Things You'll Need
Cement patch product
Garden hose with fine mister attachment or fine misting spray bottle
Heavy plastic wrap
Many garden and boundary walls are created using inexpensive cement blocks. Unfortunately, while economical, these blocks are susceptible to being damaged by the elements, and many of the walls built with them begin to crumble and appear dilapidated. Once you have been assured by an expert that the entire wall does not need to be rebuilt, you can use a few simple supplies and some easy steps to make your wall perfect again in just one long weekend.
Wear appropriate clothing that will protect your skin from flying cement. Completely cover your limbs and choose thick or steel-toed boots to guard your feet against falling pieces of cement. Wear goggles to protect your eyes and work gloves to protect your hands.
Scrub the crumbling areas of the wall gently with a stiff-bristled brush to knock away small, loose pieces of cement. Use a clean paintbrush to make sure that the entire area is free of cement dust and other debris.
Place two large cement blocks tightly against the wall underneath the area to be patched. Lay a scrap board over the blocks to provide a surface that will catch any cement patch that falls so it can be scraped up with a trowel and reused, rather than ruining the surface below the wall.
Transfer the dry cement patch product to a bucket and add the amount of water indicated on the package. Mix with a shovel until the consistency is a bit looser than toothpaste.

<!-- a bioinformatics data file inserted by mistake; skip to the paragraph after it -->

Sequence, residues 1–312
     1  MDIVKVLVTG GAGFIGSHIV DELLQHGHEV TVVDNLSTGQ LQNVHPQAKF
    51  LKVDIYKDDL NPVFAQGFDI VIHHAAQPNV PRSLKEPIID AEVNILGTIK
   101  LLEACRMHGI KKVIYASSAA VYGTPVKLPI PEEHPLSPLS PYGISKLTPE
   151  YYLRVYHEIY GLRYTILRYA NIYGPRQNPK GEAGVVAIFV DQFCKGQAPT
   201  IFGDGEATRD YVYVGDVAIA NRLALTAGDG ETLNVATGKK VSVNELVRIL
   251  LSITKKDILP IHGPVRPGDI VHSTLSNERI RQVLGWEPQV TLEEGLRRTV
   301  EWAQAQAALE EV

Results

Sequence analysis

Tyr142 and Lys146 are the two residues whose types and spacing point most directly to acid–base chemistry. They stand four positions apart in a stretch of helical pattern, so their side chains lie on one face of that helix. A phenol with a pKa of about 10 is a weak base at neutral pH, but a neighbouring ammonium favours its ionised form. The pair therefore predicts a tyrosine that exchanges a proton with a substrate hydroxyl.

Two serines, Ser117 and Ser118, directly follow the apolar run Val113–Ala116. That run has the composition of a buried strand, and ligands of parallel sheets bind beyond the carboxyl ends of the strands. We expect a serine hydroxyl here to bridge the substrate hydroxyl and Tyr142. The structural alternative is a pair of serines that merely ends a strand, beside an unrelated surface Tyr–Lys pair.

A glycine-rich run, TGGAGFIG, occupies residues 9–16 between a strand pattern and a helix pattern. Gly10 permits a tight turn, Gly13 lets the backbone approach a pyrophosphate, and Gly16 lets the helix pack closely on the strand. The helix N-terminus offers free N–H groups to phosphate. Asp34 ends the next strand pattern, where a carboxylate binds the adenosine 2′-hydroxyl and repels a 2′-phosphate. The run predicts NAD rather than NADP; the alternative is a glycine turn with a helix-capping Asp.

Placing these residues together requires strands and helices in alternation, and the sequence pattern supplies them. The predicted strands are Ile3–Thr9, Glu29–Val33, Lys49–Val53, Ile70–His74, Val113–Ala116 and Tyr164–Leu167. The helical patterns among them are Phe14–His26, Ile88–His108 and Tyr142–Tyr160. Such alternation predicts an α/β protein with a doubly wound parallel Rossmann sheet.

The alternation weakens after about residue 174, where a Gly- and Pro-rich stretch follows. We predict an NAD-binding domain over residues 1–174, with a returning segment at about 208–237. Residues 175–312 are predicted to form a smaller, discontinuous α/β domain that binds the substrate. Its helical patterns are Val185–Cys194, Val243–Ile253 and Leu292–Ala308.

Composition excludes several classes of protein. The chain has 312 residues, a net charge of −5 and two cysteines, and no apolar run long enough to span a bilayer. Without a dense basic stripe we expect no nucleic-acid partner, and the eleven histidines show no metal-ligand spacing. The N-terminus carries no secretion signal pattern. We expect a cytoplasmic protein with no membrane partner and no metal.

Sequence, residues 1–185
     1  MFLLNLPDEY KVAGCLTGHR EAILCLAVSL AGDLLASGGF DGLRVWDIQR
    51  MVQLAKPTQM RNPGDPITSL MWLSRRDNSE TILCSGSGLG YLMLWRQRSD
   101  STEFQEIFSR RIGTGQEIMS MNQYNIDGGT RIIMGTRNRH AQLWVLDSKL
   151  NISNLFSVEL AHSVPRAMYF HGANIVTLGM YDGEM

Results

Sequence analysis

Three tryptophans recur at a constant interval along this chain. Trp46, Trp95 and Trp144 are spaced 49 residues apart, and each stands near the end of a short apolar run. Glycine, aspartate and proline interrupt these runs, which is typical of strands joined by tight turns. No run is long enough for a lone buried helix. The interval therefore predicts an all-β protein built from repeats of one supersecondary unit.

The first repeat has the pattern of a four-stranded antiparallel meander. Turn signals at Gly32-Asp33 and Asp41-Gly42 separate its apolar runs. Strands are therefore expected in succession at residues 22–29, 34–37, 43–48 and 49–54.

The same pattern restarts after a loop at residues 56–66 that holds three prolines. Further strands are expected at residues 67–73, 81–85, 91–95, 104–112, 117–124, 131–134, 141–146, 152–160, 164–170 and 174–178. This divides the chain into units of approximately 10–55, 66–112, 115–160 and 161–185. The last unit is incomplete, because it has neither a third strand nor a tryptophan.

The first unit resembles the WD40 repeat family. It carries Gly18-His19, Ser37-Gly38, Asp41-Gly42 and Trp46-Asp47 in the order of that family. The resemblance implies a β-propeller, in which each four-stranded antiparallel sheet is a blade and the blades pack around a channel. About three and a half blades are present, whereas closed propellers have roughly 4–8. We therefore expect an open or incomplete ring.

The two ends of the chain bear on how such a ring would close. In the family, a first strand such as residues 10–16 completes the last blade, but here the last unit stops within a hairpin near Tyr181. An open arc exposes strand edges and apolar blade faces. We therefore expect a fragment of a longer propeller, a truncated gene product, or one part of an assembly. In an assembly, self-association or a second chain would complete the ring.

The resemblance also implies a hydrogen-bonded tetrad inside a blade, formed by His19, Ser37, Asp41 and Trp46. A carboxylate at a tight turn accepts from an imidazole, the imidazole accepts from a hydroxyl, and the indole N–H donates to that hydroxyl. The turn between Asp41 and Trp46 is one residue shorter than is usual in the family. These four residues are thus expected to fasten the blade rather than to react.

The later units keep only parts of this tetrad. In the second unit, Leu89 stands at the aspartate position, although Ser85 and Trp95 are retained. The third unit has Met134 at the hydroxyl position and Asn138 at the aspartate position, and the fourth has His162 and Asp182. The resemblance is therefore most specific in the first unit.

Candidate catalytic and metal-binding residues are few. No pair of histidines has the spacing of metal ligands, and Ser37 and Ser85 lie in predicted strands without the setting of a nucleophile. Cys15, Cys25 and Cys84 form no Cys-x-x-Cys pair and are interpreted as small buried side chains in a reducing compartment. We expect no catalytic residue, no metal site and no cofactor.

Dampen the area that you want to patch using a garden hose with a fine-mist attachment or a fine-misting spray bottle.
Add a generous application of the prepared cement patch to the crumbled area with a metal trowel until the patch is built up evenly with the undamaged wall around it. Carefully smooth the surface of the patch with the flat face of the trowel. Turn the trowel to a 45-degree angle and use the edge to scrape away excess patching material. Allow the patch to cure for two hours.
Pat or rub over the set patch material with a scrap piece of lumber so that it has a similar texture to the older cement and does not stand out.
Repeat the process to fill other crumbling areas. Cover each patch gently with heavy plastic wrap and allow to cure for three days before removing the plastic.
Jourdan Townsend has been writing since childhood. Her articles appear in a collection of student works at the University of Oklahoma as well as in the school's "Honors College Journal." Townsend also composes poetry, some of which can be found in an edition of the "Anthology of Poetry by Young Americans." Townsend holds a Bachelor of Arts in communication.